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Bicycle Helmet Safety

All bike riders should wear bicycle helmets. Each year in the United States, about 800 bicyclists are killed and another 500,000 end up in hospital emergency rooms. About two-thirds of the deaths and one-third of the injuries involve the head and face. Wearing a helmet can reduce the risk of head injury to bicyclists by as much as 85 percent.

What safety information should I look for when purchasing a helmet?

Look for the Consumer Product Safety Committee (CPSC) sticker inside the helmet. This label or sticker ensures that the helmet will provide a high level of protection in the event of an impact. Helmets manufactured after March 1999 are required by law to meet the CPSC standard. The "ASTM," "ANSI," and "Snell" labels also meet the CPSC standards. (These were voluntary safety standards in place prior to 1999.)

Used or hand-me-down helmets

If considering a used or hand-me-down helmet, never purchase or use a helmet that is cracked, broken, or has been in a crash. Keep in mind that used or older helmets might have cracks you cannot see and might not meet current safety standards if manufactured before 1999.

How can I tell if my bicycle helmet fits properly?

When the chin strap is buckled, a bicycle helmet should have a snug but comfortable fit. You should not be able to move the helmet from side-to-side or up and down. The helmet should sit level on the head (NOT TILTED BACK) and rest low on the forehead. The bottom edge of the helmet should be one to two finger widths above the eyebrow. Another technique to check proper positioning is this: your eyes should be able to see the very edge of the helmet when looking upward.

The straps of the helmet need to be even and should form a "Y" that comes together right at the bottom of the earlobe. The straps should be snug against the head. The buckled chin strap should leave only enough room to allow one finger to be inserted between the buckle and chin. When opening your mouth, you should be able to feel the helmet pull down on your head.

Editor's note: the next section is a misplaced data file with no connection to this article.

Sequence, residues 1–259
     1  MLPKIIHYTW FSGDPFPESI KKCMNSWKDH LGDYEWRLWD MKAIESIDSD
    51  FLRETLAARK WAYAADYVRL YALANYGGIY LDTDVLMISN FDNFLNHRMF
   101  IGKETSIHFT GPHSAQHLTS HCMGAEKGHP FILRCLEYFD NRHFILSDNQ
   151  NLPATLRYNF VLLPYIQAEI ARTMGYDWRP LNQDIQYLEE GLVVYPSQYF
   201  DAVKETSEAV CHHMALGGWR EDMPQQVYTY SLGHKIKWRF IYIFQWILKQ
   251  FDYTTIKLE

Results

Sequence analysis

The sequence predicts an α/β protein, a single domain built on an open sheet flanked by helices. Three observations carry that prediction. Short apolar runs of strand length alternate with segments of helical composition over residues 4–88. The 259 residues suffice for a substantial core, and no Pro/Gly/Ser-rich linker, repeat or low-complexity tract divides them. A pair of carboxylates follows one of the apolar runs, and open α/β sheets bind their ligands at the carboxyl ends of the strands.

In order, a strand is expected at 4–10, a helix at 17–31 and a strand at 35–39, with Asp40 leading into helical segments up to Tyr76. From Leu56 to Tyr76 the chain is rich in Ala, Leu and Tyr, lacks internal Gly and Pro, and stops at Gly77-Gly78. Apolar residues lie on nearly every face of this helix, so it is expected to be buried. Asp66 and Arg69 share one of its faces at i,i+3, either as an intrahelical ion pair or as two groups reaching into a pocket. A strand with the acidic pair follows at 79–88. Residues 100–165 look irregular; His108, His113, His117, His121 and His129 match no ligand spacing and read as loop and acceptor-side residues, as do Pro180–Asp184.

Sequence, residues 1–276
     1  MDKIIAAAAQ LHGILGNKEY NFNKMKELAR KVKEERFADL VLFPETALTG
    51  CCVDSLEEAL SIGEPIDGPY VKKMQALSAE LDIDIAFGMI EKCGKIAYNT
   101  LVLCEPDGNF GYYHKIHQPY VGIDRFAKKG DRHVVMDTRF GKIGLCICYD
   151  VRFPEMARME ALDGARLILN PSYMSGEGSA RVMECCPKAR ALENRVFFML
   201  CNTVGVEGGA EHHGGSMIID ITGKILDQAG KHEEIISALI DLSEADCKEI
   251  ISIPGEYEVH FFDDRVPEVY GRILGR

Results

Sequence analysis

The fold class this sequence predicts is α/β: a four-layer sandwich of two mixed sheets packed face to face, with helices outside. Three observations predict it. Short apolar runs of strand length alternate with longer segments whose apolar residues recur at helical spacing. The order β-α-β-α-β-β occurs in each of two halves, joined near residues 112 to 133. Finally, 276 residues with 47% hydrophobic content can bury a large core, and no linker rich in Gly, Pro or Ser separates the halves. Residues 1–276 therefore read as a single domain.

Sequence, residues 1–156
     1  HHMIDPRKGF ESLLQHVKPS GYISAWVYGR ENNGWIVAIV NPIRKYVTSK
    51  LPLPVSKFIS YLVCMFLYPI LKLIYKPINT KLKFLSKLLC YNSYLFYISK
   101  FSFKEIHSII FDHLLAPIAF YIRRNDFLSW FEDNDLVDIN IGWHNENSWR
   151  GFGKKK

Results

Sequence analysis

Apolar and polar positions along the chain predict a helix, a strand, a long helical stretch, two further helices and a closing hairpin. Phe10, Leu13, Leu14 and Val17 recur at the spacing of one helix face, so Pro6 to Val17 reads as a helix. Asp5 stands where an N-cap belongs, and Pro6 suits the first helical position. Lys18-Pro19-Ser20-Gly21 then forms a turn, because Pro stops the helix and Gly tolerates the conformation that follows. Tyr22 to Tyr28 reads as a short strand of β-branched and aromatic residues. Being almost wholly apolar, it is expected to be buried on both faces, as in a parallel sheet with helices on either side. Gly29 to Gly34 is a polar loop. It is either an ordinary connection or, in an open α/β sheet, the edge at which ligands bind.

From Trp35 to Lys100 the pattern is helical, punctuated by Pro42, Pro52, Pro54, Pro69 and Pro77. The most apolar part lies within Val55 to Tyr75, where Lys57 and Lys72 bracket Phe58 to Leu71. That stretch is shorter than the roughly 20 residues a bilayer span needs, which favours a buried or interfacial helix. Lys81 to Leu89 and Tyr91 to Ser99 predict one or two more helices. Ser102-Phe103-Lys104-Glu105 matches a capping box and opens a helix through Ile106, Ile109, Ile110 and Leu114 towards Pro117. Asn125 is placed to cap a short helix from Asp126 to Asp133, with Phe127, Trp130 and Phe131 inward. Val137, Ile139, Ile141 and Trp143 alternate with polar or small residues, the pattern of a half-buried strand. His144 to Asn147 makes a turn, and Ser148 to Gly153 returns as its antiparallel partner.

What can I do if I have trouble fitting the bicycle helmet?

Bicycle helmets are available in several different sizes and with different thicknesses of internal padding to custom fit the helmet to the user. To get a snug fit, internal pads should be placed in areas where there is space between the head and the helmet along the front, back, and/or sides of the helmet. The pads should be positioned evenly around the inside of the helmet. If the helmet does not feel snug after adjusting the pads and when the straps are correctly buckled, try adjusting the pads again or try another helmet. If you are still having trouble, ask a knowledgeable salesperson to help you. Keep in mind that you should not be able to remove a properly fitted and strapped-on helmet from the head despite any degree of twisting or pulling.

What else can be done to encourage helmet use?

  • To encourage your child to wear a helmet, start the helmet-wearing habit early. All bike riders — including those riding a tricycle — should wear bicycle helmet.
  • As long as the helmet fits properly, let your child pick out his or her helmet. They’ll be more apt to wear a helmet if they have selected it.
  • Adults should set an example and wear a helmet themselves when biking.

Can bicycle helmets be worn for head protection in other sports?

Bicycle helmets can also be worn when in-line skating or roller skating. Skateboarders or skaters who perform tricks might want to look for helmets specifically designed for these activities and that meet safety standards for these sports. These helmets cover more of the head, especially the back of the head.

References

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This information is provided by the Cleveland Clinic and is not intended to replace the medical advice of your doctor or health care provider. Please consult your health care provider for advice about a specific medical condition. This document was last reviewed on: 12/20/2013...#4374